1. On the day prior to this lesson, assign students any materials contained in the textbook that addresses the Great Awakening.
2. Begin the lesson with a discussion of the characteristics of the Great Awakening. Some students may begin to discern differences between the events in the mid-Atlantic colonies, New England, and the South. Encourage the distinctions but continue to look for similarities.
3. Ask the question, “Why did this movement happen at this point in time?” Here you may need to assist students in looking at events in England (which also experienced a Great Awakening) and here in the colonies. Students should, in time, be able to point to the enormous social, political, and economic upheavals taking place on both sides of the Atlantic due to the Industrial Revolution and other events. It’s little wonder that people sought fellowship, solace, and emotional release in such trying times.
4. As students explore the lives and activities of the following people, have them answer the question, “What did they contribute to the Great Awakening and how did their work usher in what has been called a new age of faith?”
- Solomon Stoddard
- Jonathan Edwards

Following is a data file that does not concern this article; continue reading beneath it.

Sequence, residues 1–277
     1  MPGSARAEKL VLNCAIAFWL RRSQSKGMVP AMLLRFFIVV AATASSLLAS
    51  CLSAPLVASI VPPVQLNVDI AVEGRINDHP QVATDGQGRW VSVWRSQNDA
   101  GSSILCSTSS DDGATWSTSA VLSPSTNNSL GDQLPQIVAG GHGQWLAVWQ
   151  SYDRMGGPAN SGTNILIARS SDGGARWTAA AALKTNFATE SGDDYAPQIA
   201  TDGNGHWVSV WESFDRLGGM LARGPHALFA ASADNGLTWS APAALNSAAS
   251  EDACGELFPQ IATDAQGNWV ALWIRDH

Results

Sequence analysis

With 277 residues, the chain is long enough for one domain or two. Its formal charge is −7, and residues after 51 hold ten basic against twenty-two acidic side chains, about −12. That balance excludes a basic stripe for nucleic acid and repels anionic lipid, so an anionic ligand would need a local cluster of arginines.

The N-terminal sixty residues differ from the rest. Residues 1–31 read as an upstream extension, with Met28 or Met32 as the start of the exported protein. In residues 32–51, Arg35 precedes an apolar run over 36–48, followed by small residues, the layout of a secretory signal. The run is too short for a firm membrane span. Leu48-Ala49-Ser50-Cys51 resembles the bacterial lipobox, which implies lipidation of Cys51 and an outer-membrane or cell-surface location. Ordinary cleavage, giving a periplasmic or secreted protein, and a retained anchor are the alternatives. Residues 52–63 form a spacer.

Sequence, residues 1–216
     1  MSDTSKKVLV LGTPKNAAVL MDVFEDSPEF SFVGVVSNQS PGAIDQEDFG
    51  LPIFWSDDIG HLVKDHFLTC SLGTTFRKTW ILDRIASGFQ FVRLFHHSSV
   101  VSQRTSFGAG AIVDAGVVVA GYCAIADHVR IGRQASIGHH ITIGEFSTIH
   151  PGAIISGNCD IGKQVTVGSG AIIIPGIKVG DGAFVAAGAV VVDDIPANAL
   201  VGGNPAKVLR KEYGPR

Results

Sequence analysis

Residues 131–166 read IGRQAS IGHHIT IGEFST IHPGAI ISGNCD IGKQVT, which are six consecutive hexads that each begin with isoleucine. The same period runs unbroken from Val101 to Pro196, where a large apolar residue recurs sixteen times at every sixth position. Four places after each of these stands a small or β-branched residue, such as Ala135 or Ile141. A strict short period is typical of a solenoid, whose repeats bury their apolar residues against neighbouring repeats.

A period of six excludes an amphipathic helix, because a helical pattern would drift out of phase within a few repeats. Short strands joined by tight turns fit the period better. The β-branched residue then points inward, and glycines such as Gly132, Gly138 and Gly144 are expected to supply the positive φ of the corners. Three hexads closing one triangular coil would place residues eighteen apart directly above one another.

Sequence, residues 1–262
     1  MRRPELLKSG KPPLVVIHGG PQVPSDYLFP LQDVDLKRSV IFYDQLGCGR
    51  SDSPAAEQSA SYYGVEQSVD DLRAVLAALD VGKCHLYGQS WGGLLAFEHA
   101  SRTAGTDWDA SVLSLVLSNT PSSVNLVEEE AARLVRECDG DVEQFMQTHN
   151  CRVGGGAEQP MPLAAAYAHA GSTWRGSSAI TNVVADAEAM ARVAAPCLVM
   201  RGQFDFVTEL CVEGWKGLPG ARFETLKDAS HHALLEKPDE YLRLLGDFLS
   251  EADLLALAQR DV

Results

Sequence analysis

- George Whitefield
- James Davenport
- Charles Chauncy
- William Tennent
- Silbert Tennent
- Samuel Davies
- Shubal Stearns
- Devereux Jarratt
- David Brainerd
- Eleazer Wheelock
- Samuel Kirkland
5. As students familiarize themselves with one or more of these individuals, have them develop a timeline of each person’s life.
6. Have students report on each individual and place the work within the time frame of the period. Look for patterns of activity and location. What were the major ideas of the Great Awakening? Can students trace the movement of these ideas? Are there connections between specific events here in the colonies and the ideas?
7. Have students write a summary of the ideas, events, and impact of the Great Awakening. Have them speculate about a connection with the American Revolution.
The Great Awakening
More on the Great Awakening
George Whitefield and Benjamin Franklin
Jonathan Edwards and the Great Awakening
This lesson was developed by Bette Brooks, Kent State University.